Tuesday, 12 May 2015

STRiPe papers at 11th China-Europe International Symposium of Software Engineering Education,

Two papers were recently presented at the 11th China-Europe International Symposium of Software Engineering Education, 29-30 April 2015, Zwickau, Germany http://whz-cms-10.zw.fh-zwickau.de/bo/index_CEISEE.html by two members of STRiPe, University of Northampton.

Paper 1
Review of a problems-first approach to first year undergraduate programming

Gary J. Hill
(Head of Department, Computing and Immersive Technologies, University of Northampton, Northampton, NN2 6JB, UK)



This paper, predominantly discusses the teaching of programming and problem solving to undergraduate first year computing students, using robots/robot simulators and visual programming to emulate the robot tasks. The needs to focus initial programming education on problem solving, prior to the teaching of programming syntax and software design methodology is also considered. The main vehicle for this approach is a robot/robot simulation programmed in Java, followed by the programming of a visual representation/simulation to develop programming skills. Problem solving is not trivial (Beaumont & Fox, 2003) and is an important skill, central to computing and engineering. The paper aims to summarise the authors earlier research on a problems-first approach to programming (Hill & Turner, 2011, 2014  to further emphasise the importance of problem solving, problem-based learning/project-based learning and the benefits of both physical and visual solutions.

The importance of linking the problem-solving robot activity and the programming assignment, whilst maintaining the visual nature of the problem, will be discussed, together with the comparison of this work with similar work reported by other authors relating to teaching programming using robots (Williams, 2003, Burbaitė et al., 2013).

The approaches discussed have been disseminated to colleagues, not only within the author’s University, but also in Europe and internationally (Kariyawasam, Turner & Hill, 2012, Hill & Turner, 2011, 2014) . Development funding support has also been received from the Higher Education Academy (HEA) – Information & Computer Sciences (ICS) Development Fund (2015a) and the HEA-ICS/Microsoft Innovative Teaching Fund (2015b).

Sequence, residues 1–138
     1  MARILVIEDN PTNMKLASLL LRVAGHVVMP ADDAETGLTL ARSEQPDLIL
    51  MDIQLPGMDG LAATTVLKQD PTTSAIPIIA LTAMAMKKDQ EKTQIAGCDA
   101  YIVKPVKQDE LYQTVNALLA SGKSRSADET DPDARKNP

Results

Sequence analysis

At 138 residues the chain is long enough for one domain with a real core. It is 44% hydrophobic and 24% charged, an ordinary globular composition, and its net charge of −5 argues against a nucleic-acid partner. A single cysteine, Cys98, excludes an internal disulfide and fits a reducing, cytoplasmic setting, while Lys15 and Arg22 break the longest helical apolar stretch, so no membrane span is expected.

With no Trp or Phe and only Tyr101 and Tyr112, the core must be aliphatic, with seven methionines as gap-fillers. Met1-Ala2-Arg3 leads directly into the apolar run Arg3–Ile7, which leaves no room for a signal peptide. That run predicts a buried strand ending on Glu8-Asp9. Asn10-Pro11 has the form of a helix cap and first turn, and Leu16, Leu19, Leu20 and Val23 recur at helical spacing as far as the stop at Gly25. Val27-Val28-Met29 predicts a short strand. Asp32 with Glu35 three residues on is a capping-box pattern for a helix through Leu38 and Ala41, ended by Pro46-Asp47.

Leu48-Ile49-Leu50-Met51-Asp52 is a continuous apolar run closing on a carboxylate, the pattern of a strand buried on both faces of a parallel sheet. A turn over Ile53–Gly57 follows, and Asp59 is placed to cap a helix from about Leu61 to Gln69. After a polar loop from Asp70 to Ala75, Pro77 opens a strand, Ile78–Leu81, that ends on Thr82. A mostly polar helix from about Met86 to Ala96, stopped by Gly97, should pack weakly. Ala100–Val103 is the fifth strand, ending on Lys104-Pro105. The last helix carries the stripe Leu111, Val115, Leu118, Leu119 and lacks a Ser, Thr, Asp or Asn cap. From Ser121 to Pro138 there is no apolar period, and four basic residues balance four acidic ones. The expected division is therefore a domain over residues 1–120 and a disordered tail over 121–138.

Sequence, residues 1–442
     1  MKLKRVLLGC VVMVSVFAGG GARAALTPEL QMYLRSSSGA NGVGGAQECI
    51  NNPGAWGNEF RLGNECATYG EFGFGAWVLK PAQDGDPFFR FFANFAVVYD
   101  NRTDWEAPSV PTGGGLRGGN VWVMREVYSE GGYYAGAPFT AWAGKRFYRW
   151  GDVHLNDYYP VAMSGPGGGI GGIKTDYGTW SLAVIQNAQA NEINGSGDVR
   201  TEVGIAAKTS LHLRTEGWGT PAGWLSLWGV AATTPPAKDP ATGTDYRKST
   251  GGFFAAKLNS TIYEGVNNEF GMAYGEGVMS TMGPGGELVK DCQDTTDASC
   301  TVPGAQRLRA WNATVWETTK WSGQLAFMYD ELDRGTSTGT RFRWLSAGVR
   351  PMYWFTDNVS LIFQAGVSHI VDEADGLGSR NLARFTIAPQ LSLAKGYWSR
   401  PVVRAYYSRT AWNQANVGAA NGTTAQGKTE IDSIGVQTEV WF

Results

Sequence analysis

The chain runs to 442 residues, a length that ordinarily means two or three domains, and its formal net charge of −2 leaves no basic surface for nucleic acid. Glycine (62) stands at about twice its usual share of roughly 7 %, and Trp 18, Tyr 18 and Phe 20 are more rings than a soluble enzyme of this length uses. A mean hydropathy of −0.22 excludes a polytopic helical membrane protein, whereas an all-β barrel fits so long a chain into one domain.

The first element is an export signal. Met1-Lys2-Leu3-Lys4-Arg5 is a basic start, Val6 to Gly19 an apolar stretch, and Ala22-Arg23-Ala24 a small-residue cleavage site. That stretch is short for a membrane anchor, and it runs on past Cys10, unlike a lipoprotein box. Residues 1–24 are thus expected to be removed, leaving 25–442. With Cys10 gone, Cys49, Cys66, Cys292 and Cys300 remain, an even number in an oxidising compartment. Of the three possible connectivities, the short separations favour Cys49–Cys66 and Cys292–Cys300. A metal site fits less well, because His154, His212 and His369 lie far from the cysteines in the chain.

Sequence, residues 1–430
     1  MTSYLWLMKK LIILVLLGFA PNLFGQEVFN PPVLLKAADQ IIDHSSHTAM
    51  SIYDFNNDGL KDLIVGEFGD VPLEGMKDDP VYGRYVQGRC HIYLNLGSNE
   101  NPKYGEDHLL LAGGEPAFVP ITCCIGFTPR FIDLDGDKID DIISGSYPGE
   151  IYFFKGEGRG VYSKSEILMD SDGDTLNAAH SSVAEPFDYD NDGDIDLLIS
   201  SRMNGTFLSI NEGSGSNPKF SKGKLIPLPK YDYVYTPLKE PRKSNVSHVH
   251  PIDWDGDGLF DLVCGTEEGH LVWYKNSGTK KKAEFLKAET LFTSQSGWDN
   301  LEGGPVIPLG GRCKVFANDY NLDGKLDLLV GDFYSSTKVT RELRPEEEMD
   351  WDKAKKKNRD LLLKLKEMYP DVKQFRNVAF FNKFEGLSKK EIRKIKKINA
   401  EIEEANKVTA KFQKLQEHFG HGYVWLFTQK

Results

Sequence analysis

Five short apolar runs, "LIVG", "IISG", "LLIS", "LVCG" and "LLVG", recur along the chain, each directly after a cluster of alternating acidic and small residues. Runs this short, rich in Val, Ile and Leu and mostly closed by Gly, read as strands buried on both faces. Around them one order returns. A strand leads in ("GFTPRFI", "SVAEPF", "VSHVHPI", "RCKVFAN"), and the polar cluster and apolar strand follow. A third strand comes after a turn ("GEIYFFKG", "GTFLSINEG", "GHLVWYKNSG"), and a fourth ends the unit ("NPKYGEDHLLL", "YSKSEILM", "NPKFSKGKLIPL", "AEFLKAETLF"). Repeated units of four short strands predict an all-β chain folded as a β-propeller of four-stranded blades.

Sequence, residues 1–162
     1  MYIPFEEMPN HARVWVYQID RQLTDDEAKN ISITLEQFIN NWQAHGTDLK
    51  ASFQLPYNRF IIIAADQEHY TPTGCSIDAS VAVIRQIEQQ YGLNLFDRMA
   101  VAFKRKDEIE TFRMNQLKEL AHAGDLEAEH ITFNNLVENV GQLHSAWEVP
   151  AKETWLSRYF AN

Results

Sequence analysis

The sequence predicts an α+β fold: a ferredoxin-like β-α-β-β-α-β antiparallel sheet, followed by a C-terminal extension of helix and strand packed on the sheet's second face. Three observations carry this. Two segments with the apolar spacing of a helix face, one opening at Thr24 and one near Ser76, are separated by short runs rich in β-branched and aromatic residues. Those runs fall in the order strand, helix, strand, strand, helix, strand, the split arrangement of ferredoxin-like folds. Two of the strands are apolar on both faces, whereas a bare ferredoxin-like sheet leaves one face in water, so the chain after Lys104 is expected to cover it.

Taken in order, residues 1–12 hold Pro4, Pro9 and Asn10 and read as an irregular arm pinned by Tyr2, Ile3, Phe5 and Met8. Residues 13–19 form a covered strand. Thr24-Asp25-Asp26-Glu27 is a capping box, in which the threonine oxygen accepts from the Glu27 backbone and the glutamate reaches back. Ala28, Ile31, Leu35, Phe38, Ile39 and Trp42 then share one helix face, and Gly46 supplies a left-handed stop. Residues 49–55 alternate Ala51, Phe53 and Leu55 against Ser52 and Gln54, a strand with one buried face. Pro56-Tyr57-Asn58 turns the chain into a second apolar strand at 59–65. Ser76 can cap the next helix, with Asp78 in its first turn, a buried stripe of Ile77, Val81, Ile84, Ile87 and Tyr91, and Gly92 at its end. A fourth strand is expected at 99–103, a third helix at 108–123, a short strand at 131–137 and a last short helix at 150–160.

Adams, J., Turner, S., Kaczmarczyk, S., Picton, P., & Demian, P. (2008). Problem solving and creativity for undergraduate engineers: Findings of an action research project involving robots. Paper presented at the International Conference on Engineering Education (ICEE 2008), Budapest, Hungary.
Adams J. P., & Turner, S. J., (2008) Problem Solving and Creativity for Undergraduate Engineers: process or product? International Conference on Innovation, Good Practice and Research in Engineering Education July 14-16, 2008, Loughborough, England, Higher Education Academy. 9781904804659.
Burbaitė, R., Damaševičius, R., Štuikys, V., (2013) Teaching of Computer Science Topics Using Meta-Programming-Based GLOs and LEGO Robots, Informatics in Education - An International Journal (Vol12_1), pp125-142.
Beaumont, C., & Fox, C. (2003). Learning programming: Enhancing quality through problem-based learning. In proceeding of 4th Annual Conference of the subject centre for Information and Computer Sciences of the Higher Education Academy (pp. 90-95). Newtownabbey, Northern Ireland: Higher Education Academy.
Bloom, B. S. (Ed.). (1956). Taxonomy of educational objectives, handbook I: Cognitive domain. White Plains, NY: Longman.
Chickering, A. W., Gamson. Z., F. (1987) "Seven Principles for Good Practice in Undergraduate Education." AAHE Bulletin 39:3-7. ED 282 491.6 pp. MF-01; PC-01.